EU immemorial

The Mail is also wrong in arguing that “we are at a crossroads in our island history”. The suggestion that the choice is between “submitting to a statist, unelected bureaucracy in Brussels” and reclaiming our ancient island liberties is pure nonsense. In the long run, withdrawing from the EU will make little difference. Levels of immigration will be determined, as they always have been, mainly by employers’ demands for labour and the difficulties of policing the borders of a country that has become a leading international transport hub. The terms on which we continue to trade with EU members will be determined largely by unelected bureaucrats in Brussels after discussions with unelected bureaucrats in London.

The British are bored by the EU and the interminable Westminster arguments. If voters support Brexit, it will probably be because they then expect to hear no more on the subject. They will be sadly mistaken. The withdrawal negotiations will take years, with the Farages and Duncan Smiths still foaming at the mouth, Cameron still claiming phoney victories and Angela Merkel, François Hollande and the dreaded Jean-Claude Juncker playing a bigger part in our lives than ever.

 

An empty cabinet

Meanwhile, one wonders what has become of Jeremy Corbyn or, indeed, the rest of the shadow cabinet. The Mail’s “speak for England” leader excoriated him for not mentioning “the Number One subject of the hour” at PM’s Questions but instead asking about a shortage of therapeutic radiographers in the NHS. In fact, the NHS’s problems – almost wholly caused by Tory “reforms” and spending cuts – would concern more people than does our future in the EU. But radiographers are hardly headline news, and Corbyn and his team seem unable to get anything into the nation’s “any other business”, never mind to the top of its agenda.

Public services deteriorate by the day, George Osborne’s fiscal plans look increasingly awry, and attempts to wring tax receipts out of big corporations appear hopelessly inadequate. Yet since Christmas I have hardly seen a shadow minister featured in the papers or spotted one on TV, except to say something about Trident, another subject that most voters don’t care about.

 

Incurable prose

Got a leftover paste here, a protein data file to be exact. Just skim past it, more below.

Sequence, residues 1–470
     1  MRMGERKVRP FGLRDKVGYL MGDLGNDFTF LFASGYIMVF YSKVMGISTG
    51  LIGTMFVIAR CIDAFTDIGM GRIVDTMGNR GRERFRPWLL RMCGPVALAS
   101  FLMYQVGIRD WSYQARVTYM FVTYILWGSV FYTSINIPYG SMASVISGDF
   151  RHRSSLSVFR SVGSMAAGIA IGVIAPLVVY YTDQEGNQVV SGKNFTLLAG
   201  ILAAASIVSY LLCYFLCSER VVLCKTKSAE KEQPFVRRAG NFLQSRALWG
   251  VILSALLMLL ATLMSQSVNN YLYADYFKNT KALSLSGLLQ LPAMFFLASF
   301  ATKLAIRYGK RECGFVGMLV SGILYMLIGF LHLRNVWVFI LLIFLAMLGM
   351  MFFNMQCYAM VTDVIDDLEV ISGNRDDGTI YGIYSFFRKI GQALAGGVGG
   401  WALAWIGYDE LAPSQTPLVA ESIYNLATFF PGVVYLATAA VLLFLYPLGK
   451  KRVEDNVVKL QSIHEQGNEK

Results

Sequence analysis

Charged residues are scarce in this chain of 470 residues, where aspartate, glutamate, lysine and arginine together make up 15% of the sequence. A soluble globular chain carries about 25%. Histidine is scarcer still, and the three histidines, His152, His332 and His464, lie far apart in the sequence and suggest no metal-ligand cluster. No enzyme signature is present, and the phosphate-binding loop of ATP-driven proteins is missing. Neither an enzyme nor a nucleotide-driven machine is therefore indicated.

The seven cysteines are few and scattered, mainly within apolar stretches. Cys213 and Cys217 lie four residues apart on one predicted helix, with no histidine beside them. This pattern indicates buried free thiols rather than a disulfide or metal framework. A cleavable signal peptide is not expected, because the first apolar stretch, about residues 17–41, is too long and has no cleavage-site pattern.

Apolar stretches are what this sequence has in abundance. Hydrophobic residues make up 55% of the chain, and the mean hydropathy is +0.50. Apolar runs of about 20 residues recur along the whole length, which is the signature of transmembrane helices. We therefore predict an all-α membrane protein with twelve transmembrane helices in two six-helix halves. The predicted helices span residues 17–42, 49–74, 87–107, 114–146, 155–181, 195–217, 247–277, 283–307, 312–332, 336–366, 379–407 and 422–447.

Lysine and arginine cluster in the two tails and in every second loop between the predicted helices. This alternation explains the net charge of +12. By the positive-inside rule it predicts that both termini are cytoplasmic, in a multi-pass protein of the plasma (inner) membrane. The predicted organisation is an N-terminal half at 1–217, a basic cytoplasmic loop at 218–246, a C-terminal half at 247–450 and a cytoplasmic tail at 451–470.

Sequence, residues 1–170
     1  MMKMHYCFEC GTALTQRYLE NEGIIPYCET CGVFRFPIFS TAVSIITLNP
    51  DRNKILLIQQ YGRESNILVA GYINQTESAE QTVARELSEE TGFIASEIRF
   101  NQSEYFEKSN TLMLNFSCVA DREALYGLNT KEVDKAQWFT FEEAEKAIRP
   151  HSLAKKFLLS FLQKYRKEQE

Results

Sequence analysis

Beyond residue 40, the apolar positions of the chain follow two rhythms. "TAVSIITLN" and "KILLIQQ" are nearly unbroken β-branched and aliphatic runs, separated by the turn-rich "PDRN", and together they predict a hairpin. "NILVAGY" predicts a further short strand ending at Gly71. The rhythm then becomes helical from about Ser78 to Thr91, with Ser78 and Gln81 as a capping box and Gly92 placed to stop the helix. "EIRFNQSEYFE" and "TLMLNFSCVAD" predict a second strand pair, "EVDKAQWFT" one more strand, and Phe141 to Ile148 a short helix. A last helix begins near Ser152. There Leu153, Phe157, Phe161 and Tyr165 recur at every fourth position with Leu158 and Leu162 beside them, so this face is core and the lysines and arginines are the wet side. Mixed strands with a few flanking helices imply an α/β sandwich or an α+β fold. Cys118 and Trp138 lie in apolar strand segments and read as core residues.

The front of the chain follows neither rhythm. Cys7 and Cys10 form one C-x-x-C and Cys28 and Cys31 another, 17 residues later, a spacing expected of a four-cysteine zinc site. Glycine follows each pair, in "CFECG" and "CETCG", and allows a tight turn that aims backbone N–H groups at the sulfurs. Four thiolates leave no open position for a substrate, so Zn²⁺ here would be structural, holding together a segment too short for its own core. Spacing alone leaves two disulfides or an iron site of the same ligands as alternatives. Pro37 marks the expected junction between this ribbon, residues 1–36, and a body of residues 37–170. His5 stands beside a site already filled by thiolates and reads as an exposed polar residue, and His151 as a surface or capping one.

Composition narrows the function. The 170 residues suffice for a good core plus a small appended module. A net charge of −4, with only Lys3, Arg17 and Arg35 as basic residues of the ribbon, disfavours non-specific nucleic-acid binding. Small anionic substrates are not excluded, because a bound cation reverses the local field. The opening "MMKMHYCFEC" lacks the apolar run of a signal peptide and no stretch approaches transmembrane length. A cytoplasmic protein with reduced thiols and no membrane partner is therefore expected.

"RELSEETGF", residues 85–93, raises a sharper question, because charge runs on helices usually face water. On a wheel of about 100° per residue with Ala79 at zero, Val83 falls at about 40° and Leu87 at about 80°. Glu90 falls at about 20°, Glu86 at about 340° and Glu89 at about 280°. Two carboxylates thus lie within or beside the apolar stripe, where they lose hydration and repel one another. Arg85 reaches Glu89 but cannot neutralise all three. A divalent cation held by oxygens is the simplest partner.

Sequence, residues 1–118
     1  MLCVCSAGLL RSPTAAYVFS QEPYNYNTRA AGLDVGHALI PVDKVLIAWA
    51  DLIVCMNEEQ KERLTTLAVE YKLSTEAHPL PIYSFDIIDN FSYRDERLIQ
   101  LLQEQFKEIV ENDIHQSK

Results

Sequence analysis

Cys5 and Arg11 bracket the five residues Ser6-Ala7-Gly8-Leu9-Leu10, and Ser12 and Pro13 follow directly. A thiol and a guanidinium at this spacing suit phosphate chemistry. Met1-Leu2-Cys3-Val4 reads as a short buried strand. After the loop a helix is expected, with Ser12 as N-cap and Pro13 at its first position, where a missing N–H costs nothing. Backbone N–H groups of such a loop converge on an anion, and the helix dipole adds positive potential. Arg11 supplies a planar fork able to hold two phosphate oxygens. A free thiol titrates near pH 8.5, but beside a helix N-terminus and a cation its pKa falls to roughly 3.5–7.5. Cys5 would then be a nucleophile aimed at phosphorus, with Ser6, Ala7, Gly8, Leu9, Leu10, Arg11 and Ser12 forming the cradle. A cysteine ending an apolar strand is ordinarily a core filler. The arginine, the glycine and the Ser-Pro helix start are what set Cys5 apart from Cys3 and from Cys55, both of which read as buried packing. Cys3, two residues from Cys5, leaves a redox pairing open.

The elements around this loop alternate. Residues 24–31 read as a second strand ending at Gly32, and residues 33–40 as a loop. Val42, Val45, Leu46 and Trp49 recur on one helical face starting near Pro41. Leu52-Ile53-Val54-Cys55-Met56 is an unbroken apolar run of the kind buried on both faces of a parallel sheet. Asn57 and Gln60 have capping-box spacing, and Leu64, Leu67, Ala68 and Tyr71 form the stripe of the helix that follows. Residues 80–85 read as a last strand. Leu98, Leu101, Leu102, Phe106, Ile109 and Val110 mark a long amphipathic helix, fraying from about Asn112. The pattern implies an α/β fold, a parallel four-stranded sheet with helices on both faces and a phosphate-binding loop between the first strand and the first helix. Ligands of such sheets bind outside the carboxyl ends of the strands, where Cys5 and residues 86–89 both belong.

According to the Guardian’s admirable but (let’s be honest) rather tedious series celeb­rating the NHS, a US health-care firm has advised investors that “privatisation of the UK marketplace . . . should create organic and de novo opportunities”. I have no idea what this means, though it sounds ominous. But I am quite certain I don’t want my local hospital or GP practice run by people who write prose like that.

 

Fashionable Foxes

My home-town football team, Leicester City, are normally so unfashionable that they’re not even fashionable in Leicester, where the smart set mostly watch the rugby union team Leicester Tigers. Even when they installed themselves near the top of the Premier League before Christmas, newspapers scarcely noticed them.

Now, with the Foxes five points clear at the top and 7-4 favourites for their first title, that mistake is corrected and the sports pages are running out of superlatives, a comparison with Barcelona being the most improbable. Even I, not a football enthusiast, have watched a few matches. If more football were played as Leicester play it – moving at speed towards their opponents’ goal rather than aimlessly weaving pretty patterns in midfield – I would watch the game more.

Nevertheless, I recall 1963, when Leicester headed the old First Division with five games to play. They picked up only one more point and finished fourth, nine points adrift of the league winners, Everton.

 

Gum unstuck

No, I don’t chew toothpaste to stop me smoking, as the last week’s column strangely suggested. I chew Nicorette gum, a reference written at some stage but somehow lost (probably by me) before it reached print.

Editor: The chief sub apologises for this mistake, which was hers

Peter Wilby was editor of the Independent on Sunday from 1995 to 1996 and of the New Statesman from 1998 to 2005. He writes the weekly First Thoughts column for the NS.

This article first appeared in the 11 February 2016 issue of the New Statesman, The legacy of Europe's worst battle